No current All Blacks will be released to play in the Brisbane Global Tens, dealing a crippling blow to the tournament.
The event on February 11-12 is the brainchild of Duco Events, who hope to replicate the success of the NRL Auckland Nines.
In its marketing material, Duco promises the tournament "will see the star players of all 10 Australian and New Zealand Super Rugby clubs".
New Zealand Rugby, however, look to have put a large spanner in the works.
The Herald understands the national body has instructed the franchises that All Blacks cannot be made available for the two-day tournament as it will be in breach of the players collective agreement.
The agreement stipulates players must be given a 12-week stand-down from rugby, automatically ruling out the 36-strong squad from the Australian tournament.
NZ Rugby's Head of professional rugby Chris Lendrum confirmed the provisions for when the All Blacks can return to play are set out in the collective employment agreement.
Curiously, a number of All Blacks have been used to promote the event, including Israel Dagg, Jerome Kaino and Damian McKenzie. As all were on last year's European tour, it appears none will be lacing up at Suncorp Stadium.
Rachael Carroll, the director of Duco's Australian operations, said she was awaiting the submission of the squads from the New Zealand franchises, but she remained confident there would still be big names to pull in the crowds.
Radio Sport Breakfast: NZ Rugby Players' Association head Rob Nichol
"We've always been well aware that this is a negotiation with NZ Rugby in regards to the player provisions, particularly those that fall under last year's tour. But that relates to people that were on the tour and playing last year. There are a number of All Blacks that are returning to play that weren't on that tour," said Carroll.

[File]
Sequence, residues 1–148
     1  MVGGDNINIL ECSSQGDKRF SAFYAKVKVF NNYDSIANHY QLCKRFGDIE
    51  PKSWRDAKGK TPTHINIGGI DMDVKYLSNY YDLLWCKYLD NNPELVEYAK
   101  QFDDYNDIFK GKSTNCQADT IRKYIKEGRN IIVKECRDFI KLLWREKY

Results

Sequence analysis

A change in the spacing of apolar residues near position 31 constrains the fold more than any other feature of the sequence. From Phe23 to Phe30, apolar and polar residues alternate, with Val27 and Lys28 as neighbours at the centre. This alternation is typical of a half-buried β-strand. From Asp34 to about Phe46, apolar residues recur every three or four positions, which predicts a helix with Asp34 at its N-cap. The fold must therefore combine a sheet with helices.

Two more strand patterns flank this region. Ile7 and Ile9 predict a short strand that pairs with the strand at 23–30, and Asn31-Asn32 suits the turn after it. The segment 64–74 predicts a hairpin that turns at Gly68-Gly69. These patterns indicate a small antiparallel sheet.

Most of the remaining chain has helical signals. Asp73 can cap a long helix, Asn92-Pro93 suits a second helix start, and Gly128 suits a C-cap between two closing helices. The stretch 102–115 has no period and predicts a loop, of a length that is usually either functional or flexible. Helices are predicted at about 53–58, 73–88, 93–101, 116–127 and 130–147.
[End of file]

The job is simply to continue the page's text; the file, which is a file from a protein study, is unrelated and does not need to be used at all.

"It's a three-way discussion between us, the players and NZ Rugby and they are assessed on a case-by-case basis. We don't have the confirmed squads, because that process is still being worked through."
Players not considered for selection for the 2016 northern hemisphere tour due to injury were hookers Nathan Harris and James Parsons, midfielders Sonny Bill Williams and Charlie Ngatai and outside back Nehe Milner-Skudder.
Williams is still some way off returning to the rugby field after a partial tear of his Achilles at the Rio Olympics. The other four players played just 15 tests between them over the 2014 and 2015 seasons.
Despite this, Carroll maintains it will be a "global tournament of stars".
"We've got 14 teams in this tournament ... you start to get a couple of superstars out of each of those clubs, bolt that all together, you're dealing with 30-plus of the highest profile players from around the world. That's an exceptional tournament."
The Tens has been promoted as a way of reviving the flagging fortunes of rugby in Australia and Queensland in particular.
Last year, the CEO of the Queensland Rugby, Richard Barker, told the Herald it was no secret the code was struggling for traction and he hoped the event would help boost its stocks. The absence of the biggest drawcards in the sport will not help.
It will also be a blow to New Zealand rights holders Sky Sport, who have heavily invested in the tournament.
Players involved in the All Blacks tour